Let’s focus in the main axis of efficiency: cost and speed. Along the way, we’ll show how quality is impacted.
This is an especially important strategy to use in commodity markets, where there is little product differentiation. Cost (price) and Turnaround are key differentiators. Similarly, this is a good fit for distributors, who have little control over the products they market (other than the assortment) but much more control over fulfillment and price.
- Low-Cost Producer
We’re starting off with Low-cost producer because it’s the most familiar way Operational Excellence is used in practice.
PRODUCT. You probably have a standardized product with relatively few options so you can source raw materials more cost-effectively.
OPERATIONS. Your plant usually has specialized production equipment or is built to produce high volumes that allow you to realize economies of scale. You probably have a very limited range of raw materials you work with.
INNOVATION. Your focus is on process development more so than product development. You’ll be looking for ways to reduce labor and/or materials.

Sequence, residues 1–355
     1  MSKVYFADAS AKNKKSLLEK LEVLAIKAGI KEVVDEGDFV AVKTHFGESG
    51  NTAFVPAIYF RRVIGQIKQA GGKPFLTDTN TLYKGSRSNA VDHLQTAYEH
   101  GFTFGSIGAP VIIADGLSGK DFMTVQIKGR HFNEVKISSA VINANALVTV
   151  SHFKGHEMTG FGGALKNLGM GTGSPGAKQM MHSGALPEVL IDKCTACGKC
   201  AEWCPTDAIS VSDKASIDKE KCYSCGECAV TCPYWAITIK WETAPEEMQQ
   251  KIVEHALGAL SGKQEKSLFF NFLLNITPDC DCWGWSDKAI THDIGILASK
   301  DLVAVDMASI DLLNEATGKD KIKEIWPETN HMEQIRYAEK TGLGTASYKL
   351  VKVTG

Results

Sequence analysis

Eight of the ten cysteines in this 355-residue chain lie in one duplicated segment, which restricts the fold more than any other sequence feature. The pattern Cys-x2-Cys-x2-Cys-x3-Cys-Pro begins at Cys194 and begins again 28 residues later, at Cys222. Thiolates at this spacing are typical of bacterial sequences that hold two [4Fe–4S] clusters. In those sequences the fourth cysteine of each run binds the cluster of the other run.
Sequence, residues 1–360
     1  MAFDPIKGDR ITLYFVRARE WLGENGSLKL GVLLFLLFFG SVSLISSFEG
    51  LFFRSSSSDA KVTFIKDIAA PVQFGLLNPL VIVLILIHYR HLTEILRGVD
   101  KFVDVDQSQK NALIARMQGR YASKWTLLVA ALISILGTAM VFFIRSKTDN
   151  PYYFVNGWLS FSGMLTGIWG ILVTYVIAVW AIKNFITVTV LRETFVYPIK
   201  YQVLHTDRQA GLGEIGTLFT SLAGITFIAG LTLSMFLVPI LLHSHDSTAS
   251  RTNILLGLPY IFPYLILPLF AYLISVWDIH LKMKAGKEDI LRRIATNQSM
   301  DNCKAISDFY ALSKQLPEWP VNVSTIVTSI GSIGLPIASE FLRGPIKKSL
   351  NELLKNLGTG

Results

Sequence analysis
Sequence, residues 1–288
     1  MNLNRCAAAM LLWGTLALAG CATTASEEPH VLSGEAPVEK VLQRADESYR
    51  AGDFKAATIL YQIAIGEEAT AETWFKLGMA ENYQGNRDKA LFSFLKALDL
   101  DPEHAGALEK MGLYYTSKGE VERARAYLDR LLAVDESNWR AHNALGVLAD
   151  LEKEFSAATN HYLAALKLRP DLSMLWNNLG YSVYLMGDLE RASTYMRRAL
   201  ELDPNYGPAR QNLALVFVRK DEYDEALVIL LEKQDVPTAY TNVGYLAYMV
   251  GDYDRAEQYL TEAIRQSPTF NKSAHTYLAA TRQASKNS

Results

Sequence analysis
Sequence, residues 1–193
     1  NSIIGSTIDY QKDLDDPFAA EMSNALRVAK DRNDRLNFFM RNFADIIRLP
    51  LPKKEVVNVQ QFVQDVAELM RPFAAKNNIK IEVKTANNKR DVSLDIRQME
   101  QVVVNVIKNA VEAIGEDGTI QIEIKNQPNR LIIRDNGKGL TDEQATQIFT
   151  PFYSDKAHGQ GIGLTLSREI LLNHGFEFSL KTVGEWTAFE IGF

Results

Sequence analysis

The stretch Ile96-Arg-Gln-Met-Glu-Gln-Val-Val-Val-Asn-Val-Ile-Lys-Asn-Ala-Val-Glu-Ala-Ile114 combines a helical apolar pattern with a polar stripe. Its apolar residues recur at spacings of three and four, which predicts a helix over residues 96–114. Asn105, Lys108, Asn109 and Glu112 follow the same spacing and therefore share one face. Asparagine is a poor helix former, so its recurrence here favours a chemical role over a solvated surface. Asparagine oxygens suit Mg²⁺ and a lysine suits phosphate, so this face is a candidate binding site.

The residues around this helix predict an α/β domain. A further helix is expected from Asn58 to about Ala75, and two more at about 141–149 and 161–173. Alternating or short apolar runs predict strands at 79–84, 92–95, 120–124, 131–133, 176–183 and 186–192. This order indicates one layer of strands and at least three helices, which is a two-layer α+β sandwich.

PROFITABILITY. You may realize higher profit margins than your competitors because your specialized production equipment or plant scale allow you to be the most efficient.
SELLING. You focus on value selling. It may not necessarily be by securing business with the lowest price. It could be that you can demonstrate how your product can be used more cost-effectively overall than your competitors’.
PEOPLE. Your employees are dedicated to identifying improvements to your process to maintain your edge over the competition. Engineers and accountants are your key hires.
QUALITY. The quality of your products is comparable to your competitors’, but rarely lower than your competitors’. You might offer a high quality and a lower quality version to give your customers some degree of choice.